Power play requires on-the-job training Bandits coach likes what he saw Saturday

October 03, 1995|By Phil Jackman | Phil Jackman,SUN STAFF

In addition to the obvious, which, of course, is talent, hockey is a game of reaction, experience and repetition. To have an effective power play, you have to work on it . . . and work on it some more.

"We didn't get any practice in on our man-advantage situation until Saturday morning [hours before losing, 4-3, to the Hershey Bears]," Baltimore Bandits coach Walt Kyle said. Even so, the Bandits converted two of seven opportunities in the American Hockey League preseason game.

The Bears were 1-for-12 on their power plays and, Kyle said, "it was great. I wish they had had two dozen chances. A game is the only time you can work on your penalty killing; you can't really do it in practice."

Most coaches would be upset if their team had blown a 3-1 lead in the last five minutes of a game, as happened to the Bandits on Saturday night. Not Kyle. He gave reasons, not excuses.

"We played right through the end of the game," Kyle said. "Normally, you'd change your defensive scheme late, but we haven't had the opportunity to put stuff in yet. Then there was the factor of simple fatigue."

Jason Marshall, a wing, hadn't skated in nearly a week. It had been three days since other Bandits, assigned by the parent Anaheim Mighty Ducks, had been on ice. "Hershey's a very experienced team. It knew how to take advantage of the situation," said Kyle.

Baltimore held a 3-2 lead heading inside the last two minutes when Pavel Trnka was whistled off for holding. Usually, only flagrant infractions are called in the last two minutes of a game.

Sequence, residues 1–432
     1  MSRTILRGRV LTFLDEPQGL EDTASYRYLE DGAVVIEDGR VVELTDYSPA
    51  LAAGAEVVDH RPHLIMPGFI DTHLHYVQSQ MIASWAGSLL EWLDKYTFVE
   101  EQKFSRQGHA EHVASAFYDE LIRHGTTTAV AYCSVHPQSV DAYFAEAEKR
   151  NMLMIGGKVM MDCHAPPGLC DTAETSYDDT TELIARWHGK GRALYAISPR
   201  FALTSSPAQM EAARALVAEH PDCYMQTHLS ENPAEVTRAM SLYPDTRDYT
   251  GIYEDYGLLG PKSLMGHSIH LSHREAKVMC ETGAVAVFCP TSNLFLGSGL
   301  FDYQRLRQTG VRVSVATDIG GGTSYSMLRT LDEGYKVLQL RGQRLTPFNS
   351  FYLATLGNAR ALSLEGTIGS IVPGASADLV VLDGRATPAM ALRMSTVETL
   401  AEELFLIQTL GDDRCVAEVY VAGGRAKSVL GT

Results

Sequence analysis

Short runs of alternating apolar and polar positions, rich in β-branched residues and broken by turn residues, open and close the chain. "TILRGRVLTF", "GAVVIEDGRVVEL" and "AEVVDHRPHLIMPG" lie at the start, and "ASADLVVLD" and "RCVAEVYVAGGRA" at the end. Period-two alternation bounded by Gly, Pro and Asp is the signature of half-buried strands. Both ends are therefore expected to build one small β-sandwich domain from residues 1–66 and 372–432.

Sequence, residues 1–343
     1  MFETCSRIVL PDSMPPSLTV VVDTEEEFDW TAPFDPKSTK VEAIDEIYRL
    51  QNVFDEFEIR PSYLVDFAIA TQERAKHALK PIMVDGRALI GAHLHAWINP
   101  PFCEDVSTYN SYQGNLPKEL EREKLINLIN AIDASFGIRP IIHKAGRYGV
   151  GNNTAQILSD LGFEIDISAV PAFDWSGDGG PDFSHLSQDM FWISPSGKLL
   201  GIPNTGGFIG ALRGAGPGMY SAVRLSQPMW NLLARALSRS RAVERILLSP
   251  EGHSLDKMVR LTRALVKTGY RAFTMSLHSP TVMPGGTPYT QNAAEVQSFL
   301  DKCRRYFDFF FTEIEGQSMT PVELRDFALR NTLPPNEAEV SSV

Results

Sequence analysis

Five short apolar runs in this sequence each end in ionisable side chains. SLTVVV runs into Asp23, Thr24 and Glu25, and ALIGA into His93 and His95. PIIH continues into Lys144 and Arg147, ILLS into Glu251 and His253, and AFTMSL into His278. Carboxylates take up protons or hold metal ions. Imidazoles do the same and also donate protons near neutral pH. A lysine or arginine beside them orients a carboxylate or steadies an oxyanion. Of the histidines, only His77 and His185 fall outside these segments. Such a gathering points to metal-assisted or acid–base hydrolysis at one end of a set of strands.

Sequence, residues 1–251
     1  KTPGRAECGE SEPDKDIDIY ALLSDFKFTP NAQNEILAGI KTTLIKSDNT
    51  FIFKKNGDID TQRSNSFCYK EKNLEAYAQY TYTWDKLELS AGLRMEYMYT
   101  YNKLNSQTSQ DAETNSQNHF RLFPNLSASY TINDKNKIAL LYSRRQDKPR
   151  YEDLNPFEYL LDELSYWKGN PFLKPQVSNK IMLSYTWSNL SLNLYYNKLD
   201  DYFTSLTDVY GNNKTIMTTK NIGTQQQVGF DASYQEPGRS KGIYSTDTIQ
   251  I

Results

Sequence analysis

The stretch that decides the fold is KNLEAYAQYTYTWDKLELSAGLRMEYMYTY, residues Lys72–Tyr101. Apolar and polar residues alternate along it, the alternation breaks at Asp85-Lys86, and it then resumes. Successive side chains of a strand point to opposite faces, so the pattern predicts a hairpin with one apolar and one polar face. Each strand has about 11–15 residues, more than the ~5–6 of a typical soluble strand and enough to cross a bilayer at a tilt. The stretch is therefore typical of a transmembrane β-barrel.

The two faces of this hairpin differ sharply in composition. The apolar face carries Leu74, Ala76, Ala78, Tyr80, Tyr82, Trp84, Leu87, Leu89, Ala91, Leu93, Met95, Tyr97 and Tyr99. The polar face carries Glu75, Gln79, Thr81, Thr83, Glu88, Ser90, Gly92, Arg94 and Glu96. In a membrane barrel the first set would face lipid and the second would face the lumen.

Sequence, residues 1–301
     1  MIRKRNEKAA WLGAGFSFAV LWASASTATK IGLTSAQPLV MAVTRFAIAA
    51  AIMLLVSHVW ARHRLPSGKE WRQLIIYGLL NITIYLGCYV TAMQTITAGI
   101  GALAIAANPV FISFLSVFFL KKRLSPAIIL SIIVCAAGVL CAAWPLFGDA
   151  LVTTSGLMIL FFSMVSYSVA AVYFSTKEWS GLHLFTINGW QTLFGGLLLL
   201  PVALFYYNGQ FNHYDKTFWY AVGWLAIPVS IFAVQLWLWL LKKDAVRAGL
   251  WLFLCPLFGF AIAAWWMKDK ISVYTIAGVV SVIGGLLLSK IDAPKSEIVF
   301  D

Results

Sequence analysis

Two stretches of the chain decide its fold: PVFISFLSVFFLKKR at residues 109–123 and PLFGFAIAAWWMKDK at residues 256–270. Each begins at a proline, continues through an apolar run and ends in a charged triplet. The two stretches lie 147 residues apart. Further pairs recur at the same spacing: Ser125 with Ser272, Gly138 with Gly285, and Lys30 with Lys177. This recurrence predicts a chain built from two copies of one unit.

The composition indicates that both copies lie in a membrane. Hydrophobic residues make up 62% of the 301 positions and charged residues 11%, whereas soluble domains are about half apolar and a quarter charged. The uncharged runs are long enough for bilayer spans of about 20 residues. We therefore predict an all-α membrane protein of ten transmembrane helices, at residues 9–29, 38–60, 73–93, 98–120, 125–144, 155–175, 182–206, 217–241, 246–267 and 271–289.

"Oh, it was a penalty, but it was OK," said Kyle. "Trnka did grab the guy and he wouldn't let go. He's a good one and he has an NHL career ahead of him if he keeps working, but he's 19 years old. You want a kid out there in situations like that, the last two minutes; it's the only way to learn.

"The difference between the way we played in Hershey [a 6-1 loss last week] and Saturday wasn't comparable. I knew we'd be much better. Still, we're not where we're going to be at the end of the week when we open up [against the Carolina Monarchs on Friday]. We'll be changing about 25 percent of our lineup this week, as we've got three more forwards coming in [from Anaheim] and at least one more defenseman."

Also, Dave Sacco, another strong center, is ready to go after being scratched from the roster Saturday because of his late arrival in town. The Bandits will go with 10 forwards and six defensemen most of the time, but the coach says that sixth defender will have to hustle to keep that 11th forward off the ice "since we have a couple of forwards who play defense."

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